John Weiser is one executive to watch this year as he settles in to one of the biggest jobs in syndication—president of distribution for Sony Pictures Television.
Weiser, 42, was named to that newly created post in August 2004, adding strategy, development and cable sales responsibilities to the plate of an executive vice president who had essentially been Sony’s top syndicated-sales guy.
In his new position, he has been busy getting new products ready for NATPE—including a first-run talker with Howard Stern sidekick Robin Quivers—and negotiating deals for content such as hidden-camera show Girls Behaving Badly.
He is poised to add plenty more to his library, such as some 4,000 films that Sony will get when its planned acquisition of MGM closes later this year. To put that into context, Sony will inherit enough movies for a television station to run one per day for more than a decade without a single repeat.
That’s on top of Sony’s 400 television series and 5,000 films—the largest catalog of its kind.
“We’ve managed to reinvent creating our own pipeline,” says Weiser, who reports to Sony Pictures Television President Steve Mosko.
Weiser just formed a partnership to sell 70 episodes of Girls Behaving Badly for domestic syndication. He says he is planning to sign another substantial comedy, though he wasn’t ready to disclose the name.
“It’s definitely a diamond in the rough. It represents tremendous value and a very deep episode library,” he says. “I think people will be wishing they had thought of it first.”
He has also got access to recent titles in Sony’s robust library, including some first-run cable shows that have helped their networks establish their own brand identity.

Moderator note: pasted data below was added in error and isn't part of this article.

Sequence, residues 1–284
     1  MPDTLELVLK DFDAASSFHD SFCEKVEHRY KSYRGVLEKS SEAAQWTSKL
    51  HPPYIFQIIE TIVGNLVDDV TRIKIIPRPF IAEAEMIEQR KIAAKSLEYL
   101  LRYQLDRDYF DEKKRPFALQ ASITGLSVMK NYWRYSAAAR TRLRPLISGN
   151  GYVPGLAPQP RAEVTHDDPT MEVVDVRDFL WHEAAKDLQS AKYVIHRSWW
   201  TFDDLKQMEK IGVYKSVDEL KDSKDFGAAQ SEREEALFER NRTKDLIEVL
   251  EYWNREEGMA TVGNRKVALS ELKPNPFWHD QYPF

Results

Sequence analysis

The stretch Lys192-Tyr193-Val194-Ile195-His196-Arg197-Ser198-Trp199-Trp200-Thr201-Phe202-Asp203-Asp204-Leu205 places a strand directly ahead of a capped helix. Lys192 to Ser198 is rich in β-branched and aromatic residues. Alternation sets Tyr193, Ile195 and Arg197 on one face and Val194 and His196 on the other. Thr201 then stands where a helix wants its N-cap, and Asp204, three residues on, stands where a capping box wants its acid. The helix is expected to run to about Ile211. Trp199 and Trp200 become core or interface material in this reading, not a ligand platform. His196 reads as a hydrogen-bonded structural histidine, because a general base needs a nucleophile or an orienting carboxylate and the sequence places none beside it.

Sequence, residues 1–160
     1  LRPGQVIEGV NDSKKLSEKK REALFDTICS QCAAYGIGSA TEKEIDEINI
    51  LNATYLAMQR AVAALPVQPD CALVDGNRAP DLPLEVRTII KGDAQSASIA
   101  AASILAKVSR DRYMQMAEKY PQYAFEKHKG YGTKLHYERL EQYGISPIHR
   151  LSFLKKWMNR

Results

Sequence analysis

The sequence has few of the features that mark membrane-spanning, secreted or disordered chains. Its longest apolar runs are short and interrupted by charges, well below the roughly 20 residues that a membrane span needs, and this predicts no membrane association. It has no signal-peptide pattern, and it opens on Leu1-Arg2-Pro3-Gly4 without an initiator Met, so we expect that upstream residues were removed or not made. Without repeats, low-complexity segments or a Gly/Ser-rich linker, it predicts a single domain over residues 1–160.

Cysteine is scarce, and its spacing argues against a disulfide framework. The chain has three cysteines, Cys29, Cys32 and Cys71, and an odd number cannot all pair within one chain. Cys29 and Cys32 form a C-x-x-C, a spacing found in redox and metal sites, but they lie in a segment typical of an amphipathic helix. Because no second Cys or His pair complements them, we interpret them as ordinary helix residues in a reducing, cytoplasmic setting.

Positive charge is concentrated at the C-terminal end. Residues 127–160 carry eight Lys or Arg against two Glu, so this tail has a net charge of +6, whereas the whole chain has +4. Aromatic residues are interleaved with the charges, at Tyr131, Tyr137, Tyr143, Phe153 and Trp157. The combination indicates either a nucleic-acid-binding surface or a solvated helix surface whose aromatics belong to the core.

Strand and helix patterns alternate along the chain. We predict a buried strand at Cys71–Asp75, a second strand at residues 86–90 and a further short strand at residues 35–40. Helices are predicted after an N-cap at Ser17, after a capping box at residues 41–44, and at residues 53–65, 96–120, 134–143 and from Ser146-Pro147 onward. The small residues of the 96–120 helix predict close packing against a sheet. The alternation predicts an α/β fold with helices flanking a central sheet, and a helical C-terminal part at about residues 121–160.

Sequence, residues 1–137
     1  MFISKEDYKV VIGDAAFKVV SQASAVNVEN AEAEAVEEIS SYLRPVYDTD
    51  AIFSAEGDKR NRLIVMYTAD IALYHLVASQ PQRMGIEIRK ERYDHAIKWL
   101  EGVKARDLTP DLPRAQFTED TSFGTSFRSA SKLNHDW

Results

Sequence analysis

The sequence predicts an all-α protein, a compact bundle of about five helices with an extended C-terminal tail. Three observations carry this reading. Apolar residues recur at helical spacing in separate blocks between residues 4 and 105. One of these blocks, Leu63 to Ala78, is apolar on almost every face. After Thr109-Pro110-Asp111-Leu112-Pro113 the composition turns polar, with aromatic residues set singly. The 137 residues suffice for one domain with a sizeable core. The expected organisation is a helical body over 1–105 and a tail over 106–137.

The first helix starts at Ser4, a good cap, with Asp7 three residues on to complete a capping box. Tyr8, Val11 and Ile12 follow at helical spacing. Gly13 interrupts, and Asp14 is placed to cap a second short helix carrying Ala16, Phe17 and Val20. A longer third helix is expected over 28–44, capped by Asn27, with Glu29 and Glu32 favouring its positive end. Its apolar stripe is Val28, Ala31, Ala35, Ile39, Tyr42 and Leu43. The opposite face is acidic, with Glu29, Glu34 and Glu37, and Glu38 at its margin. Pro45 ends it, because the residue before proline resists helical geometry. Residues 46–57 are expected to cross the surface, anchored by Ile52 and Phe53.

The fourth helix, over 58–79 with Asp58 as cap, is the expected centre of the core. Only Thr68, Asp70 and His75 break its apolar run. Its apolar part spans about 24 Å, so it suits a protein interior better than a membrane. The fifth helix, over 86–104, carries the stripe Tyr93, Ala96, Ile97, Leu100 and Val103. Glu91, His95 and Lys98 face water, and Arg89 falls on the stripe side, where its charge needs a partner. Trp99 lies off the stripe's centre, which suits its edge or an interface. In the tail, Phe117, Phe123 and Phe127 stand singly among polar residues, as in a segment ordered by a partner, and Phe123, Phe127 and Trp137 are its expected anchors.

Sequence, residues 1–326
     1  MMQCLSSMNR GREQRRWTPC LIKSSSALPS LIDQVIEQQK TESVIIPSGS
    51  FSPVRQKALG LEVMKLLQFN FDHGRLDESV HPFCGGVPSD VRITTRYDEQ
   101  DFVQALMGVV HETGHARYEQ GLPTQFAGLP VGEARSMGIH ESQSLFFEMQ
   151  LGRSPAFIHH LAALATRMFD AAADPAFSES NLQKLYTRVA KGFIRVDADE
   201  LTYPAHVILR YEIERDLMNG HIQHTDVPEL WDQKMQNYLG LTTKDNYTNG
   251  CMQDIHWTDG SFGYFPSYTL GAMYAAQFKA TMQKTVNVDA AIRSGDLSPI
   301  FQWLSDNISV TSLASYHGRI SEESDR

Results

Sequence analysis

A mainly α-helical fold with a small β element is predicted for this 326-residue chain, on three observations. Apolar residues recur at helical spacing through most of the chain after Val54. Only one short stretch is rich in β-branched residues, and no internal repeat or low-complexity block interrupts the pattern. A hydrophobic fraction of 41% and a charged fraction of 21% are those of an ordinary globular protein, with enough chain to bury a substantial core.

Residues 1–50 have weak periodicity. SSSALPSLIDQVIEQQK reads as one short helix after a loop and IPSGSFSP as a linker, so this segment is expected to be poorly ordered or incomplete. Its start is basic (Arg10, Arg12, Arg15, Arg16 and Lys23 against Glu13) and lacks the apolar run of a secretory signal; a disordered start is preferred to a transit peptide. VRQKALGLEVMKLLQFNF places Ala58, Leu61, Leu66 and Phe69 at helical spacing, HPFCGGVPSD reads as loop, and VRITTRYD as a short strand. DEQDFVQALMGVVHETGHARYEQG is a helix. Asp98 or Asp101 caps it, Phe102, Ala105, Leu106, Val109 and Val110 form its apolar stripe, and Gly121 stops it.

They include FX’s The Shield and Rescue Me, TBS’ Ripley’s Believe It or Not and Lifetime’s Strong Medicine.
When he arrives in Las Vegas later this month, he’ll be wearing two hats—one as a Sony executive and a second as NATPE co-chairman.
He says he is excited about the show, but when he talks about NATPE, his two favorite words are “Robin” and “Quivers.”
“We feel that we have someone that people relate to who has the chops to do a show with a major studio on a Monday through Friday basis,” says Weiser, referring to Quivers’ more than two decades of broadcast experience.
At NATPE, Weiser and his team will have a sales tape ready to show clients. The format is still flexible, leaving room for Sony to cater to requests from the major station group that buys the show.
But Weiser says one thing is certain: The one-hour multi-topic talker won’t be anything like The Howard Stern Show. To underline just how different Quivers’ show will be from her current gig, he points out that Stern and Quivers aren’t even in the same studio while they’re on the air; they sit in two rooms separated by a glass wall.
The Quivers project isn’t the only new show that Sony hopes to sell at NATPE. But as of the end of 2004, Weiser was mum on details.
Whatever Weiser and his crew turn out, he says they want the products to be innovative enough to stand out from the clutter.
“The approach we take to the marketplace is always fresh,” Weiser says. “We are not only open to change—we embrace it.”